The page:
Of course the idea of developing a commercial warning system for space debris isn't new, admits Frey. But in the past smaller companies would never have been able to finance such a system. "Satellites are getting smaller and smaller and the cost of putting a satellite into orbit has dropped," Frey observes. "This is why it's now affordable." But the difficulties are growing at the same time as the opportunities: Even now satellite operators have to perform at least one evasive maneuver for every satellite every year.

The founding team (from left): Christoph Bamann, Luisa Buinhas and Stefan Frey. Arvind Jayashankar
The founding team (from left): Christoph Bamann, Luisa Buinhas and Stefan Frey.

Terrestrial observation

Satellite operators are already being warned of collisions. A network of terrestrial radar systems and telescopes operated in the USA catalogs objects with a diameter of ten centimeters or more. The researchers at Vyoma want to establish a space-based network which is even more precise and will detect even smaller objects. "Europe also has a significant interest in achieving a certain autonomy in this area," says Frey.

At present Vyoma's founders are working on a platform which uses a network of terrestrial sensor stations in Europe to capture data. In doing so they plan to offer satellite operators different services: Particular objects which could endanger a given satellite will be more precisely observable. And it will also be possible to locate the satellite itself, for example when communication breaks down. The company plans to launch its own satellite in approximately two years.

Support from TUM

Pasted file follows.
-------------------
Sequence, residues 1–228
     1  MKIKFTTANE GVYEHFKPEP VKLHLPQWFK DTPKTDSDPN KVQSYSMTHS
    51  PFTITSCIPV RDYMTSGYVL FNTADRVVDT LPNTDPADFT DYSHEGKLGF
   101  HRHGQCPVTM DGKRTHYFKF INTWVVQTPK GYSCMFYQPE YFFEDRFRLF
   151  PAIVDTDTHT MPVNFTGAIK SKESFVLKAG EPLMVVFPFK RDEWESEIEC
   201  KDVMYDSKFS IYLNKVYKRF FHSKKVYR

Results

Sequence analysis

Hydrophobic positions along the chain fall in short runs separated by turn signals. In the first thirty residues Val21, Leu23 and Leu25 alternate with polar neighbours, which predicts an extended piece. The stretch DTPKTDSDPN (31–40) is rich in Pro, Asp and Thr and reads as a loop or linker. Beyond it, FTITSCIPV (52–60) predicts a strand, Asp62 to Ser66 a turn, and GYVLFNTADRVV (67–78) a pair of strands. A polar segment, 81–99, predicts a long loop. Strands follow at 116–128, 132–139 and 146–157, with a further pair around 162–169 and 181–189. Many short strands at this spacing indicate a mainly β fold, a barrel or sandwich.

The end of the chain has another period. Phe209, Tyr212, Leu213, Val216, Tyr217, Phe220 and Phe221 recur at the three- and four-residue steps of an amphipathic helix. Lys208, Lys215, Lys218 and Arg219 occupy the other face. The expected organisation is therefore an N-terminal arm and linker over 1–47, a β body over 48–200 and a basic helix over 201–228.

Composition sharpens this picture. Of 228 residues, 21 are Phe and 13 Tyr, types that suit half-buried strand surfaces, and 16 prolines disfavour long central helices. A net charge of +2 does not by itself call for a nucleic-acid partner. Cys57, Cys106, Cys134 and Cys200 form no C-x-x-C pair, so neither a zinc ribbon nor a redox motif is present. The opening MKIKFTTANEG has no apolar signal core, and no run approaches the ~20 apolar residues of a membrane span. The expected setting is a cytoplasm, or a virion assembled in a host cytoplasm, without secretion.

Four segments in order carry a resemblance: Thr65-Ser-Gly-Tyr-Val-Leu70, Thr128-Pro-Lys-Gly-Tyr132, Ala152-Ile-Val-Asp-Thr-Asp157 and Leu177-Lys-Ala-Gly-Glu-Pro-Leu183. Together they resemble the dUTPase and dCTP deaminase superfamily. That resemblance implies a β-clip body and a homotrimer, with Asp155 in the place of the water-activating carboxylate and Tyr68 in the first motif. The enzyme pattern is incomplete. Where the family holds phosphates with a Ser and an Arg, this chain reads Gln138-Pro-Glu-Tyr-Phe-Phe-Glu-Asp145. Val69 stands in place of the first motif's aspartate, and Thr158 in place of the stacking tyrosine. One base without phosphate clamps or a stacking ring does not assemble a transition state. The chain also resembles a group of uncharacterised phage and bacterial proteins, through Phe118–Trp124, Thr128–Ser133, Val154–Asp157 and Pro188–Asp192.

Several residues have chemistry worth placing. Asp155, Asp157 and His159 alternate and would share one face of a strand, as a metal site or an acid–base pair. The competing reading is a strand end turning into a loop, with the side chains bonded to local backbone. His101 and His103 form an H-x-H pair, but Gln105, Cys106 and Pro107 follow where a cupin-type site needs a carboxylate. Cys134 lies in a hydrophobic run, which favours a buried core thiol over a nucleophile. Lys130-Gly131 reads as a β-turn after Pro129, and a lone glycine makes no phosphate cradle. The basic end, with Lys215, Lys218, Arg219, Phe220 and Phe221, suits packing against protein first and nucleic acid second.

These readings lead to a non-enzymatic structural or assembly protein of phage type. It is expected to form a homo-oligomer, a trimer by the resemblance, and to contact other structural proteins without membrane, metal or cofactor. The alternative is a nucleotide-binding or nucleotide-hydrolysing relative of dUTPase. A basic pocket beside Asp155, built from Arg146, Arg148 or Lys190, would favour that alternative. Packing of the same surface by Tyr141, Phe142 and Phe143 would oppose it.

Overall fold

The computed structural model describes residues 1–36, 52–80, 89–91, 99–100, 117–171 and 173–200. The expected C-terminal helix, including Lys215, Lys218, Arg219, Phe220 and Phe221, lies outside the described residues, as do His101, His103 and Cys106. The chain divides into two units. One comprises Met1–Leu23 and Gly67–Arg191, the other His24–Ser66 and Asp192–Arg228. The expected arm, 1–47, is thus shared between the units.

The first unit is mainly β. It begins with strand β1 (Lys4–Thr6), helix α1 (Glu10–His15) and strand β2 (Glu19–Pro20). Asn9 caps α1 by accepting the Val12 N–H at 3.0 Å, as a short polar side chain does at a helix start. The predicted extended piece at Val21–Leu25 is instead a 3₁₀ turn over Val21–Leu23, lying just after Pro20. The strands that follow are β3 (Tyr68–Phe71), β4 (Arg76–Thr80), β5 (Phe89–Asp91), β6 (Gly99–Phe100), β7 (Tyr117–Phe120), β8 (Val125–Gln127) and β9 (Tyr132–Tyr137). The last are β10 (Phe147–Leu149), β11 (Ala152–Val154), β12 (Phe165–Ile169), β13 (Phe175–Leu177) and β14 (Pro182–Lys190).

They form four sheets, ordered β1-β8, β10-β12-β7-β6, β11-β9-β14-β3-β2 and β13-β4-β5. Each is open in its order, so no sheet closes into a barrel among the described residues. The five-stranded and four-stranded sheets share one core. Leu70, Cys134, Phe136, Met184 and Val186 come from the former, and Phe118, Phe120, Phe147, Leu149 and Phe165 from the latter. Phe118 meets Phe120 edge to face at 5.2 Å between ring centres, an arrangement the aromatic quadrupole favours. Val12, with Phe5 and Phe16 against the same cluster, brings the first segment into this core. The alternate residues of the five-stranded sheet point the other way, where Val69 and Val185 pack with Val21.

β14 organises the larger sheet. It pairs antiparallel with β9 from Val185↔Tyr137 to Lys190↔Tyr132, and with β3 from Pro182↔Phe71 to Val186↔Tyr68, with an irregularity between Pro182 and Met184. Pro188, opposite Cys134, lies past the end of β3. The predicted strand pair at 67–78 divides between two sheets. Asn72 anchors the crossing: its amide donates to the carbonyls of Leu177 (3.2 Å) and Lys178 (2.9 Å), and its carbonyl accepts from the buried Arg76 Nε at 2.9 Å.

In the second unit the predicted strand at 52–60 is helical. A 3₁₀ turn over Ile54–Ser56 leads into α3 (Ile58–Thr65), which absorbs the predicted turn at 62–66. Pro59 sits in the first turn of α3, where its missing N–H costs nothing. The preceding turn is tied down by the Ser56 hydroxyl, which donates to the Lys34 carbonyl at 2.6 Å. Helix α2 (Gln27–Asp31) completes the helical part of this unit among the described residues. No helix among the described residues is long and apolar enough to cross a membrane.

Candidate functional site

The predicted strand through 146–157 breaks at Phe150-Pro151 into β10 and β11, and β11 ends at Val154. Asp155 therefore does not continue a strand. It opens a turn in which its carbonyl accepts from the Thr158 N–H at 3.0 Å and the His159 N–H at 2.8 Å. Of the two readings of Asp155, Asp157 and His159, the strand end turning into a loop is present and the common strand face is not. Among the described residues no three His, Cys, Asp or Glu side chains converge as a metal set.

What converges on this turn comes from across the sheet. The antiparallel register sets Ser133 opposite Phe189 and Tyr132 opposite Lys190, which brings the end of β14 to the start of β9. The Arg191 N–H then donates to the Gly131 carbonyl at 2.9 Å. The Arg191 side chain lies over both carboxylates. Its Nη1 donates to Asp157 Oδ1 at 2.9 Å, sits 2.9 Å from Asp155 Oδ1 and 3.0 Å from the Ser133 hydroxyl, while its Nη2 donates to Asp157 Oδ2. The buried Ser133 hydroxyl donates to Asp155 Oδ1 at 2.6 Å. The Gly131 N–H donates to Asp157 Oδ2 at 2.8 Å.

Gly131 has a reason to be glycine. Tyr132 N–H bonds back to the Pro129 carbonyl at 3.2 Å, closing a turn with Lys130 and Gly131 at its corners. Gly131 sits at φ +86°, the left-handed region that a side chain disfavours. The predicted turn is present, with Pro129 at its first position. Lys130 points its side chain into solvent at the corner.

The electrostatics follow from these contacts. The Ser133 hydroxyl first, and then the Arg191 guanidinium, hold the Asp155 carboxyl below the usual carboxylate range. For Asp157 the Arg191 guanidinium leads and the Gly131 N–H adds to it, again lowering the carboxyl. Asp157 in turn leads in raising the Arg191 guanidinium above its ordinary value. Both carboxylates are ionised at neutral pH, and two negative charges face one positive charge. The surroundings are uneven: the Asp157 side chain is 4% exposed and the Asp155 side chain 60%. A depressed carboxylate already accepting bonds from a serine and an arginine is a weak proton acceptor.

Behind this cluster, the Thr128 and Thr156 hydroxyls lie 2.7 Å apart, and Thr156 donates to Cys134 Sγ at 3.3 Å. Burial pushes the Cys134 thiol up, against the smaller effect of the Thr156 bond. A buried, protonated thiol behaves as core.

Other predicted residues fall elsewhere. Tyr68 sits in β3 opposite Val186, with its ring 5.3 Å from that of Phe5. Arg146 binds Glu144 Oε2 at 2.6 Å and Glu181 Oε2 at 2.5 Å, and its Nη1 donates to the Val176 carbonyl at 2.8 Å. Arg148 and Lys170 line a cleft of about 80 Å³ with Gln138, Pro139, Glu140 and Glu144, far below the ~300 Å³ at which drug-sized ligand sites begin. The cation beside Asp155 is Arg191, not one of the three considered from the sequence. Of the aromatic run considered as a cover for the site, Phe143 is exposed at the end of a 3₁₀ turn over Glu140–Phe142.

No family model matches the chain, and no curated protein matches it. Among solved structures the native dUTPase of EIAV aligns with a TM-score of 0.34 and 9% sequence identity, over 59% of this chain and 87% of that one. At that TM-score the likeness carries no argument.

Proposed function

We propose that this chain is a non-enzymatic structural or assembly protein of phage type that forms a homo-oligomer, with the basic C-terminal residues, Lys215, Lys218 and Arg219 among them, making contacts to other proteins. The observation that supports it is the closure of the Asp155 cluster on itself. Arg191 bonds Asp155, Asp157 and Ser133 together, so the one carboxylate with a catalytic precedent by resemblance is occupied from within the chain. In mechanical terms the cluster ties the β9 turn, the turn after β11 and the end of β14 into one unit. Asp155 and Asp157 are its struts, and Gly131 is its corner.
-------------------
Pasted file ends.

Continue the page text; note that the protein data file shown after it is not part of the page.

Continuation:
The founding of the start-up was supported by TUM Gründungsberatung. They also received an EXIST start-up subsidy funded by the German Federal Ministry for Economic Affairs and Energy and the European Social Fund. Before the official founding of the company, the team used office space in the TUM Incubator. Their mentor Prof. Urs Hugentobler of the Professorship for Satellite Geodesy made his expert knowledge available to the them. Vyoma is part of UnternehmerTUM’s incubation program XPRENEURS.

Further information and links
  • Every year TUM spawns 70 to 80 technology-focused spinouts. TUM and UnternehmerTUM, the Center for Innovation and Business Creation at TUM, support start-ups with programs tailored to the various phases of building a business – from creating the business model to management training, and from market entry to a possible IPO. TUM Venture Labs offer an entire research ecosystem for start-up teams working in important scientific fields. Up to 30 teams can use offices in the TUM Incubator to prepare for the launch of their companies. Through its own venture capital fund, UnternehmerTUM invests in tech companies displaying strong potential and offers the MakerSpace, a 1,500-square-meter high-tech workshop for prototyping. According to "Gründungsradar" this support is the best at major German universities.

Technical University of Munich